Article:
At Harvest | 8 July 2023

Your (99th) weekly market report, plus the waste audit, plastic-free dreams, goodbye daffodils, hello olives at Harvest.

We’re right in the thick of it now. The fog of winter has set in and conditions are noticeably damper at Harvest of late. The tide of daylight has turned though, minute by minute the sunset lingers longer. It won’t be long now until we see the first shoots of daffodils and rhubarb. Certain harbingers that spring and warmth are on their way. Analogies that conveniently lead us into the market report. Away we go.

This week at Harvest

Following up on our daffodil analogy, this week is the last for Donna and Tas Daffodils‘ season. The bulbs are sprouting, beginning their push toward spring. They need to go into the dirt. If you’ve not picked some up yet, if you’re planting new ground or expanding your horticultural repertoire, it isn’t yet too late. But make haste. Truly the emergence of daffodils is most people’s yearly marker that spring is nigh. They’re beautiful and fleeting and aromatic and super easy to grow. We always love having Donna around the market for a brief few weeks each year. We bid her a fond farewell, and wish upon you healthy flowers in the springtime.

Also experiencing their last Harvest for the season are Nic and Em at Sweet Wheat. A season for a bakery we hear you exclaim!? Well not strictly, but it’s a convenient turn of phrase to describe an extended break that Nic and Em are taking. Jetting off to Europe for R&R, bakery research, plenty of eating and drinking and, we’re certain, a metric tonne of fun. Yes, we’ll miss them a great deal until their return in early September. But two amazing young bakers heading off to improve their skills, business and lives? We back that 110%. Every day. We wish them the very best. Besides, we’re not jealous at all here at Harvest, *grits teeth* not even a little bit.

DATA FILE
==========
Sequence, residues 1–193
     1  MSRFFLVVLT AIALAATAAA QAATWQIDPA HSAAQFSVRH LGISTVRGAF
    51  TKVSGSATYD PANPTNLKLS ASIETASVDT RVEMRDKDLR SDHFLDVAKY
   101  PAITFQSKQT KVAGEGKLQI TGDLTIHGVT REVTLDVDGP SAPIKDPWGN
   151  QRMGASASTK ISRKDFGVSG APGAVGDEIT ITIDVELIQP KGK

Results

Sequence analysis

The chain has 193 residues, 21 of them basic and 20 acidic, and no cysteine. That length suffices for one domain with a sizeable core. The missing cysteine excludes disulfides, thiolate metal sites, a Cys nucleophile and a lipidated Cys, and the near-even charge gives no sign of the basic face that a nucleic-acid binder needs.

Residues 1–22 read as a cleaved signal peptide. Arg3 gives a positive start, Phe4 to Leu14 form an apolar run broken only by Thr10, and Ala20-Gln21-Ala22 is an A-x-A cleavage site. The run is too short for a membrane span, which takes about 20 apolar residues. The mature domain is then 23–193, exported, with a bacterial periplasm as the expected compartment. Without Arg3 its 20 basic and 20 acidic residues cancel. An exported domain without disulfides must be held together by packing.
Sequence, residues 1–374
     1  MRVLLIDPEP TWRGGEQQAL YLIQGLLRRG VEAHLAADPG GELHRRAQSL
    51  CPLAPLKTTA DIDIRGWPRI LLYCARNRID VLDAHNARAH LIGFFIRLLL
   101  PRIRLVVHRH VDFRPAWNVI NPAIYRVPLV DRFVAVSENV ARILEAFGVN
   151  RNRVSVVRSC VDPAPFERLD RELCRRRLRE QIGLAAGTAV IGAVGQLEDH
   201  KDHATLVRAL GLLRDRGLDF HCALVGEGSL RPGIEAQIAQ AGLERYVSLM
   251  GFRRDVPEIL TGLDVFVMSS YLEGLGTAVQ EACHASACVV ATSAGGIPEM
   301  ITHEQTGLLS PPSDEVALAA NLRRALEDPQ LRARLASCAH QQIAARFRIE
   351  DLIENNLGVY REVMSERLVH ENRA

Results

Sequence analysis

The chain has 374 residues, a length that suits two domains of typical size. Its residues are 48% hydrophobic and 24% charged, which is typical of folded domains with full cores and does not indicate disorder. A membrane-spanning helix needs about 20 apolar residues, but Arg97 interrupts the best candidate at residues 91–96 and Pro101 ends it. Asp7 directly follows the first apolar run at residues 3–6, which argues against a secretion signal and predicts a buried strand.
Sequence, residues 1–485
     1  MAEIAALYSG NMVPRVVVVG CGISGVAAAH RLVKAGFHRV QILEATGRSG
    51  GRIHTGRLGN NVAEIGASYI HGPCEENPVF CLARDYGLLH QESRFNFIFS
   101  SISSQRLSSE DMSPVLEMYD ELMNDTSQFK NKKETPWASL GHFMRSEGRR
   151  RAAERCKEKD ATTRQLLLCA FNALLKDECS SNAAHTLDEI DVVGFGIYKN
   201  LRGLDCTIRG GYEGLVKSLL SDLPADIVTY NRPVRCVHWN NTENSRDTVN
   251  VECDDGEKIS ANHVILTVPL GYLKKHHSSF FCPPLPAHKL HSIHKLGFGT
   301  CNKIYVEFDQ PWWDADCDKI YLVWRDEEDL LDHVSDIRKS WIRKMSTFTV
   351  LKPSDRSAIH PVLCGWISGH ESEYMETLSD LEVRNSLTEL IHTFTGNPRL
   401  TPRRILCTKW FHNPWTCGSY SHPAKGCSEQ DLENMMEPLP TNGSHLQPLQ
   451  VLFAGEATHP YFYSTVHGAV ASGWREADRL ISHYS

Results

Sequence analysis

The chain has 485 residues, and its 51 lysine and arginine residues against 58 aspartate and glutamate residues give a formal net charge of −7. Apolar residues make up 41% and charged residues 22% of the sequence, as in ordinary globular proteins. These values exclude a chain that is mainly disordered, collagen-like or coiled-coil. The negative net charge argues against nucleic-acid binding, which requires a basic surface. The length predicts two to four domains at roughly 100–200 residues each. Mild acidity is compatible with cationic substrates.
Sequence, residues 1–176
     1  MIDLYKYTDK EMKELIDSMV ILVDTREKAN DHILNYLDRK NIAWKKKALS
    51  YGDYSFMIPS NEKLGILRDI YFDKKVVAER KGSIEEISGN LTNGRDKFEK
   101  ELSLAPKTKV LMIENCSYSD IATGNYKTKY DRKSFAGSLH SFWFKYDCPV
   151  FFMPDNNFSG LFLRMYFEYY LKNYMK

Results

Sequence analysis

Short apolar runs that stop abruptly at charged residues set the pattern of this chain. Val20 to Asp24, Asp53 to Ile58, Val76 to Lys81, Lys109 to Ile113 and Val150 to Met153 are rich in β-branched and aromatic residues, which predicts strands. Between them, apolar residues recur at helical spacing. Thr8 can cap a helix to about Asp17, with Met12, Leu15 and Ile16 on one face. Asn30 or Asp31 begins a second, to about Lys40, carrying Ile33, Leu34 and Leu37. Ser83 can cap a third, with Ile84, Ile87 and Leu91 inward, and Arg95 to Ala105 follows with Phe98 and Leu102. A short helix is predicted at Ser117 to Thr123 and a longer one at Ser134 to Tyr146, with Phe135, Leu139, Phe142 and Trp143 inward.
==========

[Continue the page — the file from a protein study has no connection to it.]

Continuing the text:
Excitingly, we’re in for a third week running of hand-caught, fresh as fresh can be, pure Tasmanian tuna from Andrew and his Wild Tas Fishing Co-op. At Harvest, we’ve been feasting on otoro sashimi with Tassie wasabi, and also meaty tuna steaks seasoned with ginseng, with rice and bok choi and ginger. Bliss. We challenge the general assumption that to cook tuna is to waste tuna. Truffle season continues to delight us all. Plus, some and soon-to-be-all of our olive growers are back with new season’s stock. Rob and Jen are already here, welcome back Martin, and Allen will be joining us soon too. Your favourites like Delicious Little Things, Georgetown Seafoods, Sandy’s, Yang’s and All Things Cherry, Tamar Valley Pastured Eggs, plus many more will all be eagerly awaiting you at the opening bell too.

The Waste Audit

You may have noticed we’re being real fussy about waste lately. Because waste auditing, along with separating recycling from organic or compostable materials, plays a crucial role in understanding our waste output. As we strive towards a market that has a wholly reusable system of plates, cups, and cutlery and aims for a waste-free or waste-neutral environment, we’re asking for your help.

Help us by ensuring that the right waste goes in the right bin so we can count it. Our brilliant volunteers-cum-waste-educators are there to help you help us too.

Waste auditing involves analysing and quantifying the types and amounts of waste generated by our organisation and community. By conducting regular waste audits at Harvest, we gain valuable insights into our waste management practices, identify areas for improvement, and further develop our plan to minimise or end waste generation in the market.

These audits help us understand the composition of our waste stream, enabling us to make informed decisions about waste reduction and diversion.

Your help is super valuable here: while you separate, we count. Once we know what we’re up against, we can enact our strategy for change. But we must measure it before we can manage it.

Ultimately, transitioning to a waste-free or waste-neutral market is a fundamental objective in our pursuit of environmental sustainability. By prioritising reusable alternatives over single-use items, we will significantly reduce the amount of waste generated.

Ok. Enough proselytising, we know you’re onboard Launceston, and thank you muchly for your assistance.

Thanks for reading, see you at the market x


This, it turns out, is the 99th ‘At Harvest’ Newsletter that Rhys has penned. A meaningless yet somehow significant milestone. Here is what it looked like last year. And on the 7th of August 2021 – the first from Rhys. How far we’ve come. Yay nostalgia! 😉

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